It’s no secret that I love podcasts. I’ve never followed a TV show, and I’m movie-illiterate, but I adore podcasts. I got into the habit when I lived alone, and now that I live with lots of roommates, I listen when I drive, go for walks, or complete chores around the house. On my phone, I’ve arranged them by topic, grouping NPR classics like This American Life, Serial, TED Radio Hour, The Moth together, followed by Christian podcasts including Seminary Dropout, Quick to Listen (new!), and The Liturgists Podcast. Bridging the categories is On Being with Krista Tippet.
The daughter of a Baptist minister, Tippet went on to receive her MDiv from Yale Divinity School in 1994, and merged her life as a faith leader and journalist by starting the weekly programming for On Being in 2003. Tippet is not an evangelical, but I’ve learned more in 2 years of listening to her podcast about how to talk in the secular world about faith experiences than I did in 2 degrees from Wheaton or 2 decades in the church.
In her weekly episodes, Tippet interviews an individual about the intersection of his or her vocation and spiritual life. Just in the last 6 weeks she has interviewed a mystical Jewish rabbi, a filmmaker and founder of the online Webby awards, a poet in the Black Arts Movement, and a scholar studying “The Wisdom of Millenials”. So, it’s a fairly wide swath.
Near the beginning of each interview, she asks her guest about their spiritual or religious life in childhood. Obviously this is my favorite part. Regardless of how non-religious their home or community was, every guest has some form of answer. Some share that they had very positive experiences, deep questions, and a life-long faith commitment. Some share that they had negative experiences and have sought healing and reconciliation with an idea of faith. Almost unanimously, guests share some way that their childhood faith experiences have impacted their understanding of personhood, vocation, or religious devotion long-term.
If they were to take a “what do you believe” questionnaire, Tippet and many of her guests would end up with radically different results. Rarely do I hear someone interviewed who I sense I would closely align with. However, Tippet’s gracious posture of listening and question-asking has taught me volumes in engaging in conversation. Her curiosity without confrontation opens conversations where I often find myself thinking, “me, too”. Her connections between a person’s present action and their early developmental years keeps me nodding as I go about my chores. Her steady pace holds the conversation at a reasonable, rational speed that honors completing thoughts more than inserting opinions, and asking further questions more than being right. Oftentimes I hear her guests admit that they still have questions or areas of wondering. Everyone is allowed to be in-process.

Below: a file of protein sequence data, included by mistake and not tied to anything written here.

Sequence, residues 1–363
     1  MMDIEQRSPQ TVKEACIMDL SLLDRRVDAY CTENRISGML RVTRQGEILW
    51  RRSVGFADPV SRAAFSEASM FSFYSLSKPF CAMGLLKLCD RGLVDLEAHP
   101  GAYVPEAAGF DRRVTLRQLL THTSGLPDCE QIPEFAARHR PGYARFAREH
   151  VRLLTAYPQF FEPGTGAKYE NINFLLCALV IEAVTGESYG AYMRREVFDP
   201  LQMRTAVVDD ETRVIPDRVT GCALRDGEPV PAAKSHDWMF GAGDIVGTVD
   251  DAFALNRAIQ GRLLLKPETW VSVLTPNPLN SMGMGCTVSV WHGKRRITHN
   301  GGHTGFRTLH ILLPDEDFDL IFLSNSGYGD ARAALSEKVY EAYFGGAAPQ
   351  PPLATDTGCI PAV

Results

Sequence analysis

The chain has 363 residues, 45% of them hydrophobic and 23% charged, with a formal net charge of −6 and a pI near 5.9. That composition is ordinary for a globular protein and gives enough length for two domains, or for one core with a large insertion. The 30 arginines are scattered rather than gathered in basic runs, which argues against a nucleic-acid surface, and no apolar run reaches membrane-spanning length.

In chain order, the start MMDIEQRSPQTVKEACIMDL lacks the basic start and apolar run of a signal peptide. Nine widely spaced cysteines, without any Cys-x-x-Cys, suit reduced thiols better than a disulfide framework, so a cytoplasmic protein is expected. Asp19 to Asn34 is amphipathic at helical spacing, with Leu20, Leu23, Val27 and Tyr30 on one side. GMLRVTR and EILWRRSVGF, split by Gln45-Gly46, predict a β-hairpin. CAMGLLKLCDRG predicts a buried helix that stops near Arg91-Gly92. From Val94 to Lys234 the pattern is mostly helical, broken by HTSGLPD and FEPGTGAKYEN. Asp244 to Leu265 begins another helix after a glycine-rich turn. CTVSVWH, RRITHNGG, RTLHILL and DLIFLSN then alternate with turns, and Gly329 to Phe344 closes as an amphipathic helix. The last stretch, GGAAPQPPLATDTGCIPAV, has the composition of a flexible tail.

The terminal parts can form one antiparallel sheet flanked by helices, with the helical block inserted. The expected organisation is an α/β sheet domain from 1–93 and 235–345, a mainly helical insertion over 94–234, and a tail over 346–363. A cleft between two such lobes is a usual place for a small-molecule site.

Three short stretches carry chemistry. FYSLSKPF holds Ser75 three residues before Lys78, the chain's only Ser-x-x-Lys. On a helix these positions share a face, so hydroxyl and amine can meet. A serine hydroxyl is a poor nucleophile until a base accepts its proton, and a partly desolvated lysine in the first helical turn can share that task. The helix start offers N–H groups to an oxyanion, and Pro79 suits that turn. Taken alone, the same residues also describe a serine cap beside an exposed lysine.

After episodes, I often think about how the leaders, artists, educators and religious leaders of tomorrow are having their own formative faith experiences today. Some of them are in churches. Of those in churches, many of them are experiencing weekly entertainment by adult volunteers who believe that they must wait until their teenage or young adult years to make a true faith commitment or have a significant faith experience. To be blunt, I’ve never heard someone admit that they encountered Jesus by being entertained. Furthermore, while adults asking children questions is great for making sure they can repeat information, modeling question-asking and inviting children to ask their own questions guides children to internal exploration. The adults interviewed who look favorably on their religious experiences of childhood often cite the relationships of their faith community, the unique markers of this community (songs, meals, smells) and their quiet pondering and question-asking in their home or alone.
While I believe that The Church is much more than a community-wide social event or an encouragement circle, I also believe that community is an important function of the church, and one of the most profound parts of a child’s faith experience. Entertainment might help a child learn more facts about Christianity, but it rarely facilitates meaningful spiritual reflection or deep personal faith commitment.
As I prepare to teach in my church’s Children’s Chapel or write a lesson to distribute to other congregations, I often consider these childhood faith reflections from dozens of episodes and ask myself the following questions: Is my method invitational? Is our worship space hospitable? Does my lesson facilitate exploration? Do I honor each child as a brother or sister? Do we recognize the power and presence of God?
I doubt I’ll ever meet anyone interviewed by Tippet, but I believe that the children that I work will grow up to reflect on their own faith formation, and I hope that they know they were wanted and loved, that they heard often of the love-infused character of God, and that they had space, time, and an invitation to pause to reflect, ask their questions, and talk with God themselves.